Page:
Imagine living in a world of silence and without landscape. The only thing that connects you with everyone else is touch, smell and emotion. Southern Appalachian Repertory Theatre’s immensely satisfying production of The Miracle Worker by William Gibson is on stage through Sunday, Aug. 4.
Fresh out of school, 20-year-old Annie Sullivan (played by Amanda Ladd) comes highly recommended as a tutor for the Keller family’s daughter Helen (Sarah Laughland). Stricken with scarlet fever as a baby, Helen grew up deaf and blind. Upon Annie’s arrival, there is immediate apprehension as she implements lessons of spelling letters into Helen’s hand. It doesn’t take long for the teacher to realize she’s facing the challenge of a very smart but spoiled student who is resistant at every turn. Can Annie reach Helen on a deeper level before her family intervenes with their coddling ways?
This production brings out two riveting performances in Ladd and Laughland. Both actresses shake up the familiarity we associate with the iconic, Oscar-winning depictions by Anne Bancroft and Patty Duke. Director Jessica West’s casting makes all the difference.
Ladd is especially impressive. In a wit-filled portrayal, she commands the stage. Ladd is pulling something from within. Her streaming tears prove that every moment is based in reality. When a performer finds a way to personally relate to the depth of a role, we witness acting in its truest form.
Similarly, Laughland goes the distance. She is thrillingly bold with her interpretation while managing to make her expressions and mannerisms believable. Because of such powerful performances, there’s a genuine awakening in both these characters.
The famed breakfast scene where Annie literally fights Helen to break her control over obedience is very well staged. A woman in the audience gasped in horror over the severity of discipline Annie enforces while others laughed with understanding. This brings to debate the different techniques of raising children. Regardless of stance, the scene is challenging — in the best of ways — for the actors to perform as well as for the audience to watch.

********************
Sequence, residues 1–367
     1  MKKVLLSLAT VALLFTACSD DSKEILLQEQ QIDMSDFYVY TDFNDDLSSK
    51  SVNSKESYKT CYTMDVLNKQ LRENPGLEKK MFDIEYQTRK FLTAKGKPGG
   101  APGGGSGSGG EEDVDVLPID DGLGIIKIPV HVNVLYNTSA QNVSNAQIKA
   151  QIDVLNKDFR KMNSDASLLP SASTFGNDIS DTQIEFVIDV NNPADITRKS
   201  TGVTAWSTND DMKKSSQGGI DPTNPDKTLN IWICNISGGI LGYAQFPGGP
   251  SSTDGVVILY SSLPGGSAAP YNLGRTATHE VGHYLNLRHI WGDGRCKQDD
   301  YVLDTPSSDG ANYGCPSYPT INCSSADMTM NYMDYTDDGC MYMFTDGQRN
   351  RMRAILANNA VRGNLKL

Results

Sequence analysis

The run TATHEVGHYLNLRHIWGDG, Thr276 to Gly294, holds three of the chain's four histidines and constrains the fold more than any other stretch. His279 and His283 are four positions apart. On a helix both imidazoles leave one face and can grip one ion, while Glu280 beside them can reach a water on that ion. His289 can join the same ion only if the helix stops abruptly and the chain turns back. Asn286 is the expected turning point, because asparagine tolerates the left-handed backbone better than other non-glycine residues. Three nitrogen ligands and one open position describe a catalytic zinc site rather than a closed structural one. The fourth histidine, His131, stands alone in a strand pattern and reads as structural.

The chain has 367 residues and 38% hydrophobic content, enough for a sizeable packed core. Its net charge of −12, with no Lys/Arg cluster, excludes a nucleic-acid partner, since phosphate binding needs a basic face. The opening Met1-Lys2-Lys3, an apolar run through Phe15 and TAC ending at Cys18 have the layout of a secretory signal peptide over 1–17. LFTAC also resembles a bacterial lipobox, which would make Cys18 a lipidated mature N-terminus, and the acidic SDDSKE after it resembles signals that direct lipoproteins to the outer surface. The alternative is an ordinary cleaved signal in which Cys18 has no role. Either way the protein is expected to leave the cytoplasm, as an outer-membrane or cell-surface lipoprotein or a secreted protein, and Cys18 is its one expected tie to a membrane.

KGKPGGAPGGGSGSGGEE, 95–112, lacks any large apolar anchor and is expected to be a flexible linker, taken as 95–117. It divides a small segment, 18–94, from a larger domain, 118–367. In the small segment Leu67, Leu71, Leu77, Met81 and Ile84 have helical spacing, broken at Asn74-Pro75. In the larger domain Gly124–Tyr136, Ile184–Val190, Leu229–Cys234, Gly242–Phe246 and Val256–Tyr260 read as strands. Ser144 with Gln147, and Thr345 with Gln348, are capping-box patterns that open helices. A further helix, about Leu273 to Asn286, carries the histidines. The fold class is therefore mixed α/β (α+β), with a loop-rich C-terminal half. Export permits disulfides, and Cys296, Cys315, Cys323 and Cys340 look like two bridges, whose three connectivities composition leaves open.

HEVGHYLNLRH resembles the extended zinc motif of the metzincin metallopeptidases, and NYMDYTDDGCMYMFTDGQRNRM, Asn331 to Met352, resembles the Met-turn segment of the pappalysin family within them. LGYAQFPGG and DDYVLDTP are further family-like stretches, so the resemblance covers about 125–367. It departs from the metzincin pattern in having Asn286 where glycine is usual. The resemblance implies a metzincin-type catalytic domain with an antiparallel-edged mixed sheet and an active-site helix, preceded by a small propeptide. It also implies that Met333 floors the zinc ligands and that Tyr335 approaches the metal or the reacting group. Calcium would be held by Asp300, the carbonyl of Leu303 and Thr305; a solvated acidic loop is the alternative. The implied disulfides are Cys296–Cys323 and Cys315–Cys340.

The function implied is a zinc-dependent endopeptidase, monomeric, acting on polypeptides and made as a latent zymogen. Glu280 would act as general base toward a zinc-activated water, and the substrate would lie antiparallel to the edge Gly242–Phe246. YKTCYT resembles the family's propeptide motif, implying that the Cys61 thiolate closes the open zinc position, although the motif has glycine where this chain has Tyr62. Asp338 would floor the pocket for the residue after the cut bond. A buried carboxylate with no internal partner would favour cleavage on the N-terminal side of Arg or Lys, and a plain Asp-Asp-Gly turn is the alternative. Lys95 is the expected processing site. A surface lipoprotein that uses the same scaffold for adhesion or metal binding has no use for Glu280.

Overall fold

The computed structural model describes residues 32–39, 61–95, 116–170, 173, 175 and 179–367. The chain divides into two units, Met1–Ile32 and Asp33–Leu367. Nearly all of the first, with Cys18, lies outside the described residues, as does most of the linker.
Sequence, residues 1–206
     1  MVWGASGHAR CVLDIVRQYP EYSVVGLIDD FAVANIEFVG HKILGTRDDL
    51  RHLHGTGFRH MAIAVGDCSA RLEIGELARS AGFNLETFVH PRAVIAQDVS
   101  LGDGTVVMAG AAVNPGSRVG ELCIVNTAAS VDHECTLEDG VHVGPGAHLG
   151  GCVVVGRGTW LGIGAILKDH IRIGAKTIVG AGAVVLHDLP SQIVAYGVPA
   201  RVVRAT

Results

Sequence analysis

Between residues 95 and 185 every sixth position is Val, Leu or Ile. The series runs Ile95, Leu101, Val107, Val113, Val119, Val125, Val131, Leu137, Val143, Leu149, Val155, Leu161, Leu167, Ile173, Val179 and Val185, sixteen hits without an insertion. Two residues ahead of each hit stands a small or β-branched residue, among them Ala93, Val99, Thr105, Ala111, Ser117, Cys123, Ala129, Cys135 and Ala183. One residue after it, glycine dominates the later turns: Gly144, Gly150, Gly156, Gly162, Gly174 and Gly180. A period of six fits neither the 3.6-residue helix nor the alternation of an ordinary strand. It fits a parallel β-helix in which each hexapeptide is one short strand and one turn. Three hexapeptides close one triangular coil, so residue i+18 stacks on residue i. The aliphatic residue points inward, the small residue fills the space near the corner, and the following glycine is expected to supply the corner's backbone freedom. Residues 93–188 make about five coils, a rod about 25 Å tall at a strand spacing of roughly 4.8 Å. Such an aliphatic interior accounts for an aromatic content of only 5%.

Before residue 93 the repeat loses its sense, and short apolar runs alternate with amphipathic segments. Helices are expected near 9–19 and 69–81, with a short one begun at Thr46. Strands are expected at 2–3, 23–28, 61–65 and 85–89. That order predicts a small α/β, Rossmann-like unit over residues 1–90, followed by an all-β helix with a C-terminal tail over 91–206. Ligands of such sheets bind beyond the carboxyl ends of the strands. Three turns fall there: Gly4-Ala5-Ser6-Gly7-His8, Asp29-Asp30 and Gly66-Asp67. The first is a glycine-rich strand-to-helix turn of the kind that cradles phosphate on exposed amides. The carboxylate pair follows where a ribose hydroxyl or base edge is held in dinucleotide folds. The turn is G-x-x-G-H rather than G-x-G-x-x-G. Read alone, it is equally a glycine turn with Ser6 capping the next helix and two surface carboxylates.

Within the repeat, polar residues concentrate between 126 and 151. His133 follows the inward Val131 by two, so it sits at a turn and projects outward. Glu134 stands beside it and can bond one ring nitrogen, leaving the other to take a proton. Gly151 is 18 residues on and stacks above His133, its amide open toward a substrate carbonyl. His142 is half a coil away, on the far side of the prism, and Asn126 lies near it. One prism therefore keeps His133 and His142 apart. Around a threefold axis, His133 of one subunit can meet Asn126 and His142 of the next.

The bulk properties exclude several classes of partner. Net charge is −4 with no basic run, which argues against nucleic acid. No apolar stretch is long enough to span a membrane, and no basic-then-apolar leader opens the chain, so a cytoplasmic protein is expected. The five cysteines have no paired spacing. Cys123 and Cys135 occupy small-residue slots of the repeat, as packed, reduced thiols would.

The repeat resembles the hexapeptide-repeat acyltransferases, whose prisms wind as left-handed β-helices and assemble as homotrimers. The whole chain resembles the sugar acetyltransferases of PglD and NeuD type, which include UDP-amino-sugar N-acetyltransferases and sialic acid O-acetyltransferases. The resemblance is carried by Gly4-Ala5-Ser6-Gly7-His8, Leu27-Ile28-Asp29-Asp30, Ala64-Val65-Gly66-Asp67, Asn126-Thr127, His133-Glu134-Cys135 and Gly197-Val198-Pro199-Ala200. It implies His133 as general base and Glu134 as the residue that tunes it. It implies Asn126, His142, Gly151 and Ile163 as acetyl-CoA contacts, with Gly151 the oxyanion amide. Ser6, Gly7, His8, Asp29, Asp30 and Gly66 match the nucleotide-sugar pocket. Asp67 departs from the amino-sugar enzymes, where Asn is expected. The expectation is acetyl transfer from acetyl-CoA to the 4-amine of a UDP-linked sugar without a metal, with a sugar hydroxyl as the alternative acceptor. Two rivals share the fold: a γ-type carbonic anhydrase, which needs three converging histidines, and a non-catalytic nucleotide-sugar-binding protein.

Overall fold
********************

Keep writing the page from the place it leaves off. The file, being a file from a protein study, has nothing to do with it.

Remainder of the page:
Generally speaking, the other characters in this play only help advance Annie and Helen’s true story. However, there’s a beautiful supporting performance that deserves major acclaim. As the Kellers’ son James, Calum Kramer needs very little dialogue to show an internal torment. He’s incredibly touching. Hopefully, he’ll appear in much larger roles in the future. Randy Noojin as the stoic and bullheaded Captain Keller perfectly reacts with Kramer and creates a notable turning point in their relationship.
Other minor characters, usually used to nuance Gibson’s play, were missing altogether. Such artistic liberties made the focus more on the family. However, the omission of the haunting ghost of Annie’s ill-fated brother Jimmy was a missed opportunity. Because Jimmy couldn’t be saved from the asylum, a continued visual would have enhanced the reasoning behind Annie’s persistence with Helen, as asylums were where misunderstood deaf and blind people were once sent. Regardless, Ladd’s rendering of this monologue was heartbreaking.
The importance of deaf and blind culture is kept in the spotlight with The Miracle Worker, and this moving and unexpectedly funny production deserves to be a hit for SART.
WHAT: The Miracle Worker
WHERE: 44 College St., Mars Hill, sartplays.com
WHEN: Through Sunday, Aug. 4. Thursdays-Saturdays at 7:30 p.m., Saturdays and Sundays at 2:30 p.m. $25-$30